What may be said in defense of Paranormal Activity: The Ghost Dimension — or as I like think of it Paranormal Stupidity: The Goat Dimension? Well, let’s see if such a defense can be attempted. Looked at on a relativity basis, its existence improves other movies in the same genre. For example, I caught the terminally dumb The Last Witch Hunter on Thursday night — and being terminally dumb is hardly the worst thing about it. However, after sitting through Ghost Dimension on Friday afternoon, Witch Hunter looks pretty darn good. In the same vein, these Paranormal Stupidity things every Halloween have long made me nostalgic for the days when we got a new Saw movie every year to mark the season. Far and away, the best thing about this latest is the — apparently serious — claim that this is the last of the Paranormal series. I can think of no better Halloween treat — assuming it’s true.
Now, I know this whole “found-footage” concept has its defenders. To me, it’s simply a way for people with absolutely no discernible talent to make something called a movie. Knowledge of the most rudimentary aspects of filmmaking is not required — nor, it seems, is even the barest concept of story structure. To date, I lean toward the belief that the major cultural legacy of these movies is the invention of the snot-cam in The Blair Witch Project back in 1999. This latest Paranormal entry may, I suppose, one day be remembered for pioneering the 3D puke shot. As it stands, it strikes me as a cynical cash-grab of alarming proportions, though that’s always been the driving force behind these — movies made for approximately 65 cents that can’t keep from turning a profit.
The big wrinkle this time — apart from the nausea-inducing combination of 3D and the shaky-cam — is something approximating onscreen demon action! (No invisible supernatural pool-cleaning here. See: Paranormal Activity 2 — or, wiser still, just take my word that this was one of the ghostly hijinks in that 2010 edition.) You see, the demons — or whatever the various blobs and gobs of ectoplasmic effluvia are — only appear visible when seen through the lens of a specially re-monkeyed camcorder. One might assume that this is a variant on the William Castle gimmick “Illusion-O” in 13 Ghosts (1960), where viewers had to put on their “ghost glasses” to see the enumerated denizens of the beyond. This, however, is miraculously both less fun and more expensive than “Illusion-O,” while managing to be just as lame.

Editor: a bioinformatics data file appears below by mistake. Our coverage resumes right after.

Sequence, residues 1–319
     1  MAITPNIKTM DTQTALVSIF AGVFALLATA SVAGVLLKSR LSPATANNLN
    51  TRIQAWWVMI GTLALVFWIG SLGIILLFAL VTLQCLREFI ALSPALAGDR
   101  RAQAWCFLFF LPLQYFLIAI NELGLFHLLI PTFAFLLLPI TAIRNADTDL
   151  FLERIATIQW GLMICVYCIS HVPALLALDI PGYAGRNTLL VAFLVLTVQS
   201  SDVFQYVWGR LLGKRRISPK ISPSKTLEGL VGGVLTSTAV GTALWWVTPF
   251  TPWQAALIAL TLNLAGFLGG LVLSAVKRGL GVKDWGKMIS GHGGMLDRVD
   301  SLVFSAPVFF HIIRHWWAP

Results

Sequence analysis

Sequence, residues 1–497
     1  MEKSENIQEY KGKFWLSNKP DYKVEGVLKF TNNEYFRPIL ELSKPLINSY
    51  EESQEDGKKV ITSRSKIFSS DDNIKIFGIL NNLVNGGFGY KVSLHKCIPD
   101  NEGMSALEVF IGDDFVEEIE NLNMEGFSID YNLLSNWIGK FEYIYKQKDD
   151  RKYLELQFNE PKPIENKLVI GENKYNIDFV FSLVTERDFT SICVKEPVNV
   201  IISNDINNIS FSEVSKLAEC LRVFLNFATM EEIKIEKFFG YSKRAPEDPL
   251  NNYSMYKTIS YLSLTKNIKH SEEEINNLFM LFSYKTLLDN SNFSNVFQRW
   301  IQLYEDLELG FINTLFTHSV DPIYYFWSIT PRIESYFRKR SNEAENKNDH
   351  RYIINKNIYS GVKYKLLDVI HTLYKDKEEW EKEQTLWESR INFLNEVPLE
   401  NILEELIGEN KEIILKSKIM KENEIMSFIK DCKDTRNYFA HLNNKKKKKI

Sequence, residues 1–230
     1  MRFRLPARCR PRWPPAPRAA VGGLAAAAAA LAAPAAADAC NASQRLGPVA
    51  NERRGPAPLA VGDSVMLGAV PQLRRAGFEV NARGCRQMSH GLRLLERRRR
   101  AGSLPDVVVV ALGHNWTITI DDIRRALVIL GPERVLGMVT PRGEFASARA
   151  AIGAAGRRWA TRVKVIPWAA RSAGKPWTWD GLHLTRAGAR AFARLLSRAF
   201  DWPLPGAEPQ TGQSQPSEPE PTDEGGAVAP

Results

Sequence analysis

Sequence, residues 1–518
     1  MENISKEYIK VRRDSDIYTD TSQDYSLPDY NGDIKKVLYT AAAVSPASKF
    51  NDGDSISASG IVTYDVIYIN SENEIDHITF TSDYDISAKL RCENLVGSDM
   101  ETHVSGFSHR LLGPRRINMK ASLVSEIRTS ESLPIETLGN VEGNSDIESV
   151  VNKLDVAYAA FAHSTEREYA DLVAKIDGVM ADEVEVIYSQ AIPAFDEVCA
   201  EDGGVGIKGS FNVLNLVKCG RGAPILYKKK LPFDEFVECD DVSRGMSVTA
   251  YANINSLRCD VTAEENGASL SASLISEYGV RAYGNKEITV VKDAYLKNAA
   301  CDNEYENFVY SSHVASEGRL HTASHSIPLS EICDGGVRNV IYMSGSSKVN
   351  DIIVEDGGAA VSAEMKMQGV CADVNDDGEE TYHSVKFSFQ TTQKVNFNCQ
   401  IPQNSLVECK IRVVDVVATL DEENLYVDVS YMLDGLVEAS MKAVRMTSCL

Overall, this is just more of the same. Nothing much happens for interminable lengths of time, followed by a very loud shock effect. People yell barely scripted (despite five credited writers) lines at each other a lot, too. Every so often, a title appears onscreen to tell us how many days have elapsed — and by day seven, I was certain I’d been watching the thing for at least that long. (In all fairness, I first checked the time on my phone at the 15-minute mark. This is possibly a record, I groaned.) Never have I been any happier to see a movie end when it finally permitted itself to do so. My initial knee-jerk response — that it was a rancid, festering pile of llama puke — still seems an adequate summation. Rated R for language and some horror violence.